Tuesday night Dave came round again for games. As before, the headline act was Space Hulk the old Games Workshop game with a very similar feel to the Aliens film. As a bonus, this week we had a warm-up act: a game of Dave's own devising.
We set up Dave's game and he talked me through the rules - it was interesting being on the other side of this, in the last few months I've explained the rules of Border Reivers a lot, but this was the first time I'd ever played another designer's prototype. I'll not go into much detail of Dave's game as it's his job to decide how much information about the game he wants to make public and when, what I'll try to do is get across how the evening felt from a playtester's point of view.
First impressions of the game were good, the prototype was well-made and visually interesting, and I could tell from one look at the board what the theme was. If anything, the prototype was over-produced, as this was the first time Dave had played the game, so a lot will change over the coming months. While he explained the game Dave was quite self-deprecating, which I was told I was doing at The Cast Are Dice - it's obviously a common reflex. However, if you start disparaging the game you've designed, you'll put players off. The game had several things I really liked: fixed length; a clearly defined beginning, middle and end; some excellent events. It also had it's fair share of weaknesses, as you would expect from a game in the very early stages of development. The first few plays of one of my games are awful, as it takes time and practice to take the ideas in your head and turn them into something that works in reality. It came in at around an hour, and although I was at a loose end a couple of times, at no point was I bored or regretting playing it - a good sign.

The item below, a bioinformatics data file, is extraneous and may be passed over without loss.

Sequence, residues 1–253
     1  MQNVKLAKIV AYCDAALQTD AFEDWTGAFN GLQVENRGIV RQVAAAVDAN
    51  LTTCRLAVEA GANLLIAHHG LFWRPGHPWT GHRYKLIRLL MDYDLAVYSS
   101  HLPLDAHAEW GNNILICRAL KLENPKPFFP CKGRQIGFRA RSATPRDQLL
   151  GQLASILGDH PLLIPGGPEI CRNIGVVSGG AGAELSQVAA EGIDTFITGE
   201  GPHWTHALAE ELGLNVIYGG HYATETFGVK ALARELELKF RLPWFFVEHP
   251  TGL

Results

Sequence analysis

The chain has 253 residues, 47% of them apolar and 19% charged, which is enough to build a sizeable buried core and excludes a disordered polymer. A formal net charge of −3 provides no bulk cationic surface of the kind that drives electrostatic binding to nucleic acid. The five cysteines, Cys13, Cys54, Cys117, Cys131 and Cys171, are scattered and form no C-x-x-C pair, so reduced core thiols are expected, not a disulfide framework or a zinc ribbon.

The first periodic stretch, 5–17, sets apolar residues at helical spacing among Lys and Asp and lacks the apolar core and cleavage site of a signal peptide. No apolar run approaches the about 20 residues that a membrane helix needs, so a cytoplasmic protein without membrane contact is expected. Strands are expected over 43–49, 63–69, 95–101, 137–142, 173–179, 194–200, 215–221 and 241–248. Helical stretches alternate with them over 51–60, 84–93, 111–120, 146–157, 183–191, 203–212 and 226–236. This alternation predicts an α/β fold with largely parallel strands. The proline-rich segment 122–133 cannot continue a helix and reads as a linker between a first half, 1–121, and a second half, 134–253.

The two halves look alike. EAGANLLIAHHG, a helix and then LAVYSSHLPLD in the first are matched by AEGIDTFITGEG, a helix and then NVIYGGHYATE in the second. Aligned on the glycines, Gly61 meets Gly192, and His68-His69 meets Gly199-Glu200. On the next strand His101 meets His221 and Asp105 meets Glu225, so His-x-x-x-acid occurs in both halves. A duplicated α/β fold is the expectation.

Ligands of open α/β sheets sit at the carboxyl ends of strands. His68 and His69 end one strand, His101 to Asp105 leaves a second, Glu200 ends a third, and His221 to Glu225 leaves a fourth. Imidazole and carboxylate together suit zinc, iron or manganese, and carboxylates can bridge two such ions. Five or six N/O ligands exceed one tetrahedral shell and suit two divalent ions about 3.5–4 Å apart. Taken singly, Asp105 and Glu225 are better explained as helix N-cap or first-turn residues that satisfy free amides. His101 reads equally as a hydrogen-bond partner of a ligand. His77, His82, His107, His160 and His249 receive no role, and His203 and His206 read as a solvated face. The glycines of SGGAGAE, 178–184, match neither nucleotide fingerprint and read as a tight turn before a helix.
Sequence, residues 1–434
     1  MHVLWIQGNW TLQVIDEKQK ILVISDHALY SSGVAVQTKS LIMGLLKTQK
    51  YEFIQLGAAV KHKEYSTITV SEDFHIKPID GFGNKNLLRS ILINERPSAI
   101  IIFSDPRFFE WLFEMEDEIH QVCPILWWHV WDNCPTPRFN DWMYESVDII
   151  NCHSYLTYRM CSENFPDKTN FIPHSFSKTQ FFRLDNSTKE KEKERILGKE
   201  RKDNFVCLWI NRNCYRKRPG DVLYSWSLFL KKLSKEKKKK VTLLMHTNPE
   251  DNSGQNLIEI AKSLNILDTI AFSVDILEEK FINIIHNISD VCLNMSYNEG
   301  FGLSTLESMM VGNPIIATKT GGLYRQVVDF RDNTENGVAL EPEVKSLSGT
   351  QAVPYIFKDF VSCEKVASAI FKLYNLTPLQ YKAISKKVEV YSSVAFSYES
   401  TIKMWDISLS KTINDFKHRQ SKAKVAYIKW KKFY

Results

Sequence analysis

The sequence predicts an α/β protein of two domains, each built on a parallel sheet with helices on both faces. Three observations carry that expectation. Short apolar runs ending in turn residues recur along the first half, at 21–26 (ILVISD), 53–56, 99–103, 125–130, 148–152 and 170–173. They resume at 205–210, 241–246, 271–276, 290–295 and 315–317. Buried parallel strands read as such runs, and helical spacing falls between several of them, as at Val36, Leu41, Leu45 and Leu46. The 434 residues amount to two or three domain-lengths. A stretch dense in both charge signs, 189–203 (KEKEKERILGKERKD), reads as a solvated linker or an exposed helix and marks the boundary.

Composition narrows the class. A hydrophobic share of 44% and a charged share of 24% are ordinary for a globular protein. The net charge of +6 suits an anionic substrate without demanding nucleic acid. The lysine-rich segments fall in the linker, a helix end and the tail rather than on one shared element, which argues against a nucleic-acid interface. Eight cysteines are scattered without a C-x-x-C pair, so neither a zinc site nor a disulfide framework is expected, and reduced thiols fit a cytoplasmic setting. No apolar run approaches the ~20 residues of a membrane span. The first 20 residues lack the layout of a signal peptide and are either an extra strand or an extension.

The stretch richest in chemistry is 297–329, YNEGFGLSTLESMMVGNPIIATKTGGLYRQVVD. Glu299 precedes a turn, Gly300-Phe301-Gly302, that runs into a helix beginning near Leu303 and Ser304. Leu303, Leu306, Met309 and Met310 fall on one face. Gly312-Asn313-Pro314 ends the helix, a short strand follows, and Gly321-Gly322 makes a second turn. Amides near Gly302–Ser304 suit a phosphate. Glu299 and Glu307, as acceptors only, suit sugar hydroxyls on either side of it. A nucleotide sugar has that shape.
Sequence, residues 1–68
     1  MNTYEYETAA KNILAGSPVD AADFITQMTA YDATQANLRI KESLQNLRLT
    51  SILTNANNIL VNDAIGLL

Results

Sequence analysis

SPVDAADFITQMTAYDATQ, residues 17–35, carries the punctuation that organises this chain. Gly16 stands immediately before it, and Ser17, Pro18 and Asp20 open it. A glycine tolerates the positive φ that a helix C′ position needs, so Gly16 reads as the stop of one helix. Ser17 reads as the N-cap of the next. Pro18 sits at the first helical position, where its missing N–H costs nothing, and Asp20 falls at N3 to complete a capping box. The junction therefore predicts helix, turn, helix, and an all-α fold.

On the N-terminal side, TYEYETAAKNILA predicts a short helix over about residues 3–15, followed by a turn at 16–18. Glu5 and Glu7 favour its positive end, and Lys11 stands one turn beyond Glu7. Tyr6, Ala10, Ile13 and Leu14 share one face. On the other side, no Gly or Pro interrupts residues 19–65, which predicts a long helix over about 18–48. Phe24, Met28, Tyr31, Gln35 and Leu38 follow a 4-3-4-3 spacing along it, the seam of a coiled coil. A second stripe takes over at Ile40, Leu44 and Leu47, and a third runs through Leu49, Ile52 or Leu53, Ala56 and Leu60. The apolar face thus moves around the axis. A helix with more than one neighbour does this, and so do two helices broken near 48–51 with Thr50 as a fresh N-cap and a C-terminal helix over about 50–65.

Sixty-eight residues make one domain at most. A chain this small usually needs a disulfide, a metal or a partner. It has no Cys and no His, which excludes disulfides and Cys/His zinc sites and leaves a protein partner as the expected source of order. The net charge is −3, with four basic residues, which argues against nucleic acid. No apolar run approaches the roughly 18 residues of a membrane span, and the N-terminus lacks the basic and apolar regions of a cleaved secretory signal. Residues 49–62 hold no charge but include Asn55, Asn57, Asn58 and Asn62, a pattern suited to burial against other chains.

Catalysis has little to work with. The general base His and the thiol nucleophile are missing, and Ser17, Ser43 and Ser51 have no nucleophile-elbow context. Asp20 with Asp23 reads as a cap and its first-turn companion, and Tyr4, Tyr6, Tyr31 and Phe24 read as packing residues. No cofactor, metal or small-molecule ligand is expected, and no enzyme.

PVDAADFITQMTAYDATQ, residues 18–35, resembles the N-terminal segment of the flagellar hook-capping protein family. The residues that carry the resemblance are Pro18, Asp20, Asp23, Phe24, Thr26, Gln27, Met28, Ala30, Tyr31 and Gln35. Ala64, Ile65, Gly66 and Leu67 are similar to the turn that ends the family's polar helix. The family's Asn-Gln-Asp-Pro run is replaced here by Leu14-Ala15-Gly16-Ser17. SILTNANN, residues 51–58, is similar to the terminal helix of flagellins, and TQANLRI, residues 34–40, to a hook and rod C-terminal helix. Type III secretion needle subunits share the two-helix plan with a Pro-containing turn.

After the game, we went through the notes I had taken about the things I liked and disliked about the game. We discussed possible solutions to some problems the game had and ideas for ways the game could be changed. It reminded me how much my playtesters had influenced the design of Border Reivers, especially The Wife and Mal, who contributed some excellent ideas to the finished game. One of the things I do is keep a list of people who have playtested a game I'm working on - they definitely deserve a mention in the rules for their contributions.
I'd definitely be up for playing it again, and I'll be interested to watch another designer's game evolve over the coming months. Perhaps we'll play Jorvik or Sennon next time too...
After that we played a couple more games of Space Hulk. We played the second mission again (I was the Genestealers this time), and then the third mission from one end only. Again, I really enjoyed the Space Hulk, good clean fun, and since I was the stealers both times, I got a side order of vicious disemboweling of my enemies with my good, clean fun. The theming of Space Hulk is really well done, when playing as the marines you feel very claustrophobic as the unknown numbers of enemies swarm around your limited troops. Coupled with the enhanced maneourveability and faster top speed of the stealers you feel very vulnerable. I remember a computer version, which really laid the claustrophobia on thick - the cramped corridors felt tiny when a stealer swarmed towards one of your marines, followed by static as contact was lost...
Both sides have definite tactics, with the stealers wanting to stay out of LOS for as long as possible. They are also far more powerful when they attack in waves, that way you can maximise the chance of a weapon jam being capitalised upon by a stealer, as you will undoubtedly lose a few before the weapon jams. Marines on the other hand want to keep as much distance between themselves and the stealers as possible, and excel when they can cover a long approach with overwatch fire. Great stuff.
In the end I won all three games that evening, I'm keen for more though :-)
I had hoped to do a load of construction this weekend, however I might have to go to Bristol instead. The reviewer from the BBC magazine had some difficulty getting their head round the game, and wanted to play it with my parents (which would be a case of the blind leading the blind :-) ), and conveniently there's a do on, in preparation for my sister's wedding this weekend so I've an excuse to be down in Bristol. We shall see.